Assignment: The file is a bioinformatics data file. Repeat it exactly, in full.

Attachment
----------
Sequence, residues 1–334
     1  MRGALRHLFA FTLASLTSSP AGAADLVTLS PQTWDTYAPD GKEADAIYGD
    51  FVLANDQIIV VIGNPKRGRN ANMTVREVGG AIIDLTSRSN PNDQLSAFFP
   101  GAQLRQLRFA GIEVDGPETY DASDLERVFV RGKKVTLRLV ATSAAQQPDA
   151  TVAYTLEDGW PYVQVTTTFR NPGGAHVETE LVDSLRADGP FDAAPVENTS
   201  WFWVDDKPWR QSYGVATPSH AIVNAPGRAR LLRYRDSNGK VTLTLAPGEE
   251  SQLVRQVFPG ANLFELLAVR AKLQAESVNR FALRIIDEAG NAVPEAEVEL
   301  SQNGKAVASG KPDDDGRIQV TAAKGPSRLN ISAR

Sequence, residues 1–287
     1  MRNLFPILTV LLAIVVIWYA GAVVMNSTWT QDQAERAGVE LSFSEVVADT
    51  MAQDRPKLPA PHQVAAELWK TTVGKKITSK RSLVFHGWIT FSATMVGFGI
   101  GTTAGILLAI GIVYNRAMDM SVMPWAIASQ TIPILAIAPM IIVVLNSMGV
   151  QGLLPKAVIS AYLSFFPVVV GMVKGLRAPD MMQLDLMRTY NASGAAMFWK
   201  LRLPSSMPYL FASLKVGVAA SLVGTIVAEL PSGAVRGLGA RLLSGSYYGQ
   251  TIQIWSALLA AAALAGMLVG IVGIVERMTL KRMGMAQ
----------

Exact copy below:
Sequence, residues 1–334
     1  MRGALRHLFA FTLASLTSSP AGAADLVTLS PQTWDTYAPD GKEADAIYGD
    51  FVLANDQIIV VIGNPKRGRN ANMTVREVGG AIIDLTSRSN PNDQLSAFFP
   101  GAQLRQLRFA GIEVDGPETY DASDLERVFV RGKKVTLRLV ATSAAQQPDA
   151  TVAYTLEDGW PYVQVTTTFR NPGGAHVETE LVDSLRADGP FDAAPVENTS
   201  WFWVDDKPWR QSYGVATPSH AIVNAPGRAR LLRYRDSNGK VTLTLAPGEE
   251  SQLVRQVFPG ANLFELLAVR AKLQAESVNR FALRIIDEAG NAVPEAEVEL
   301  SQNGKAVASG KPDDDGRIQV TAAKGPSRLN ISAR

Sequence, residues 1–287
     1  MRNLFPILTV LLAIVVIWYA GAVVMNSTWT QDQAERAGVE LSFSEVVADT
    51  MAQDRPKLPA PHQVAAELWK TTVGKKITSK RSLVFHGWIT FSATMVGFGI
   101  GTTAGILLAI GIVYNRAMDM SVMPWAIASQ TIPILAIAPM IIVVLNSMGV
   151  QGLLPKAVIS AYLSFFPVVV GMVKGLRAPD MMQLDLMRTY NASGAAMFWK
   201  LRLPSSMPYL FASLKVGVAA SLVGTIVAEL PSGAVRGLGA RLLSGSYYGQ
   251  TIQIWSALLA AAALAGMLVG IVGIVERMTL KRMGMAQ